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Western Kentucky football: Five good questions about the Hilltoppers

Former Central High School star Anthony “Ace” Wales leads a deep stable of Western Kentucky running backs.
Former Central High School star Anthony “Ace” Wales leads a deep stable of Western Kentucky running backs. Bowling Green Daily News

Q: Can Mike White fill the shoes of record-setting quarterback Brandon Doughty?

A: Granted a sixth season of eligibility by the NCAA in 2015, Doughty led the nation in passing yards (5,055), completion percentage (71.7) and touchdown passes (48). The leading candidate to replace Doughty (a Miami Dolphins seventh-round draft pick) seemed to be last season’s backup, redshirt senior Nelson Fishback. Instead, Fishback is sidelined with a torn pectoral muscle. So redshirt junior Mike White, a transfer from South Florida, has won the job over redshirt senior transfer Tyler Ferguson (Penn State, Louisville). In two years at South Florida, White completed only 51.5 percent of his passes and threw more picks (16) than touchdowns (11). Having All-America wideout candidate Taywan Taylor (86 catches, 1,467 yards, 17 touchdowns) back should help ease White’s transition.

Q: Are there ways WKU can take the pressure off the new starting QB?

A: The answer looks to be via the ground. Western has a veteran offensive line led by standout left tackle Forrest Lamp (39 career starts). The Hilltoppers also boast a bevy of proven running backs — ex-Central High School star Anthony Wales (1,091 rushing yards in 2015); punishing sophomore D’Andre Ferby (650 yards, 11 touchdowns); and injured star Leon Allen (1,542 yards in 2014; missed most of last year with a knee injury). Brohm is also excited about true freshman back Quinton Baker, the former Ashland star who was once committed to both Kentucky and Marshall.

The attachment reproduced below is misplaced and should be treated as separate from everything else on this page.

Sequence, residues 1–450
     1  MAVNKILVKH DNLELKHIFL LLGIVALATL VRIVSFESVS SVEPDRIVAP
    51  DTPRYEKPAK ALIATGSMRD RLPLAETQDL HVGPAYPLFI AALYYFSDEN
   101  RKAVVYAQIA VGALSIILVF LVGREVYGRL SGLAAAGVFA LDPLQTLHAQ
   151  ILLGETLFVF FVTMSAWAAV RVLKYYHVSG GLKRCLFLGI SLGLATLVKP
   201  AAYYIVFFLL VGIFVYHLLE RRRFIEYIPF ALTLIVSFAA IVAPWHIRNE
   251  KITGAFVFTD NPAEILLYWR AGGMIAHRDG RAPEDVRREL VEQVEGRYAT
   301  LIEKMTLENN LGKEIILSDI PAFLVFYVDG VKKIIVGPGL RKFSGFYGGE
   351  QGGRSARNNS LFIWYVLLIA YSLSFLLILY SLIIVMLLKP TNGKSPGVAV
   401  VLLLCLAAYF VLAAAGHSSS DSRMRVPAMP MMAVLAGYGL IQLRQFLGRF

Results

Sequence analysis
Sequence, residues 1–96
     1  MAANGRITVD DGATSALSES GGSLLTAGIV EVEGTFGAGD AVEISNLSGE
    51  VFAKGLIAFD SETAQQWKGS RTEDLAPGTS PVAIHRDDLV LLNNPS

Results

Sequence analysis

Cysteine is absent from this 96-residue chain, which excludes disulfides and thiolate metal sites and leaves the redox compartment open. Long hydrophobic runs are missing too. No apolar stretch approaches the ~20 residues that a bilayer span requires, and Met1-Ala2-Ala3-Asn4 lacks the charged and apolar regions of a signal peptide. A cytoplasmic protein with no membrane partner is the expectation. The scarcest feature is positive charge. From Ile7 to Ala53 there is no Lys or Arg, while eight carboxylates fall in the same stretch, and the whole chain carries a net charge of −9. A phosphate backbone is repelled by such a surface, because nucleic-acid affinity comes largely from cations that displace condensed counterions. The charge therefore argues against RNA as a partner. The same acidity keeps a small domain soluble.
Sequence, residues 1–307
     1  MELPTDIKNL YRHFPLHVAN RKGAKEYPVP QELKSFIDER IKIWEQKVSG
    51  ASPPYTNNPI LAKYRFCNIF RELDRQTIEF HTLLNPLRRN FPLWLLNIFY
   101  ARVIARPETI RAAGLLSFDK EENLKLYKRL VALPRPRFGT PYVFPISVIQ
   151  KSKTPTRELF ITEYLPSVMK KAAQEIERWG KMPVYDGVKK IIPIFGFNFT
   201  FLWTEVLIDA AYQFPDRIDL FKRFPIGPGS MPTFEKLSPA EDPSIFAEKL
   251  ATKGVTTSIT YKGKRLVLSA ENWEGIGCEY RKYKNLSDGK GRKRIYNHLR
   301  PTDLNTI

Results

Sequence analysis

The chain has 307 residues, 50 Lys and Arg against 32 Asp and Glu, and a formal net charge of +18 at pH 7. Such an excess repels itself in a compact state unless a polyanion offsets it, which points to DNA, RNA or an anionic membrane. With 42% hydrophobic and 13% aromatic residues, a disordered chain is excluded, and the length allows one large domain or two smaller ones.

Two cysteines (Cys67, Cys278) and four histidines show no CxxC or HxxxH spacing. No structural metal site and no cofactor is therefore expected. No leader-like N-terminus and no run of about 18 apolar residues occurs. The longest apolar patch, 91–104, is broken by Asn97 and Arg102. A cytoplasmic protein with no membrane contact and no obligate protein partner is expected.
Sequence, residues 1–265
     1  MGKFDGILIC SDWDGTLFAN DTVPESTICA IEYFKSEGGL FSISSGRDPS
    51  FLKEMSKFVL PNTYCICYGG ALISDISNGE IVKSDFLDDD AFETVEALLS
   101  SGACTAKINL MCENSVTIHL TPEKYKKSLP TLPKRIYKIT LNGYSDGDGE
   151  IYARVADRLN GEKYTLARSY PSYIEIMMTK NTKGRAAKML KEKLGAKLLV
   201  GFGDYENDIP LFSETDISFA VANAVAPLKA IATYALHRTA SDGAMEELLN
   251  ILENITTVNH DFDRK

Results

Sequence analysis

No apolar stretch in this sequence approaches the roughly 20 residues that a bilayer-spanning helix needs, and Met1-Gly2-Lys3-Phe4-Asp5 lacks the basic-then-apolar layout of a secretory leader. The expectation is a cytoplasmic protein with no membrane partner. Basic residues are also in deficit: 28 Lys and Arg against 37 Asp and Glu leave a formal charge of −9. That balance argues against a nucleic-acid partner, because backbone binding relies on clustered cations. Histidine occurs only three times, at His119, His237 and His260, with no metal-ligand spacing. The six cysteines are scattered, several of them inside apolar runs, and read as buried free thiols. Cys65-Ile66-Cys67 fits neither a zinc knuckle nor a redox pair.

Q: Who is next man up at tight end?

A: With former Hilltoppers tight ends Jack Doyle (Colts), Mitchell Henry (Packers) and Tyler Higbee (Rams) all on NFL rosters this preseason, WKU is emerging as “Tight End U.” A year ago, Higbee caught 38 passes for Western, eight for touchdowns. This year, longtime special teams ace Shaquille Johnson came into camp as the heir apparent. Wake Forest graduate transfer Stevie Donatell, the 6-foot-6, 235-pound son of Chicago Bears secondary coach Ed Donatell, spent his first two college seasons at Wake as a linebacker before shifting to tight end last season.

Q: Can Louisville transfers buoy the Western defense?

A: The offensive stats for WKU while going 8-5 in 2014 (44.4 points a game) and 12-2 in 2015 (44.3) were almost identical. The improvement that allowed Western to become a conference-championship program came on defense. In 2014, WKU allowed 39.9 points and 510 yards a game; last year, it was 25.9 ppg and 406 yards. Only four starters return from 2015’s improved defense, but Western is hoping two graduate transfers from U of L — linebacker Keith Brown (33 tackles in 2015 for U of L) and defensive lineman Nick Dawson-Brents (appeared in all 13 games for Cardinals last year) — help prevent a defensive backslide.

Q: Will Jeff Brohm’s big bet on himself pay off?

A: After starting 3-5 as WKU head man in 2014, Brohm has led Western to 17 wins in its last 19 games. The Toppers have played exciting football, too, scoring 40 or more points 17 times in the coach’s 27 games. After Brohm led WKU to the Conference USA championship, a bowl victory and a No. 24 ranking in the final AP poll for 2015, conventional coaching wisdom would have been to cash out and climb the career ladder. Brohm stayed put. If the coach produces another big season without Brandon Doughty, he will stamp himself as one of the hottest coaching names in college football. Should Western slip back, however, people will ask if WKU’s head man “missed his moment.”

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